Background: Worldwide caesarean section (CS) delivery is the most common major operation. Approximately 25% of pregnant women undergo a CS in the UK for delivery of their babies. Sepsis and post-natal infection constitute significant maternal mortality and morbidity. Infection following a CS has a number of primary sources including endometritis occurring in 7-17% of women. Sepsis reduction and reduction in antibiotic use have been identified as a national and international priority. The overarching aim of this research is to reduce infectious morbidity from caesarean sections.
Methods: This is a parallel group feasibility randomised controlled trial comparing vaginal cleansing using chlorhexidine gluconate versus no cleansing (standard practice) at CS to reduce infection. Women will be recruited from four National Health Service maternity units. Two hundred fifty women (125 in each arm) undergoing elective or emergency CS, who are aged 16 years and above, and at least 34 weeks pregnant will be randomised. Allocation to treatment will be on a 1:1 ratio. The study includes a qualitative aspect to develop women centred outcomes of wellbeing after delivery.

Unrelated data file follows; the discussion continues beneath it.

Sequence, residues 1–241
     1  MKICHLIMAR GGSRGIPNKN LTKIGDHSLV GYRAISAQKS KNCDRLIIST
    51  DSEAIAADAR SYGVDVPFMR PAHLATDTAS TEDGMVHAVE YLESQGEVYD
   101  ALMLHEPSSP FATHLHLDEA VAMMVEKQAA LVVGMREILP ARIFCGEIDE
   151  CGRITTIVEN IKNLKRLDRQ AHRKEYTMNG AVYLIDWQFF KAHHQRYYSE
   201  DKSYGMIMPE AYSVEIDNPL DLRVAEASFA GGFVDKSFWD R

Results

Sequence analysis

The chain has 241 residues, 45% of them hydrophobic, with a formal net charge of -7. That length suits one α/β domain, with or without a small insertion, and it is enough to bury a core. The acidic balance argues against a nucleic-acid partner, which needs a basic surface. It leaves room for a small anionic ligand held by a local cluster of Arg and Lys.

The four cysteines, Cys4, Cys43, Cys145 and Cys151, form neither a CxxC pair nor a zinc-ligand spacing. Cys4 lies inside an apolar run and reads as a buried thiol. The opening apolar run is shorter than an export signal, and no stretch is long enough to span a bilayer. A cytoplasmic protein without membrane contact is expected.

Discussion: The success of the feasibility study will be assessed by criteria related to the feasibility measurements to ascertain if a larger study is feasible in its current format, needs modification or is unfeasible, and includes recruitment, adherence, follow-up and withdrawal measures.
Trial registration: The PREPS trial has been registered with ISRCTN (ISRCTN 33435996).
|Journal||Pilot and Feasibility Studies|
|Publication status||Published - 4 Jun 2018|
- Caesarean section
- Post-natal infection
- Vaginal cleansing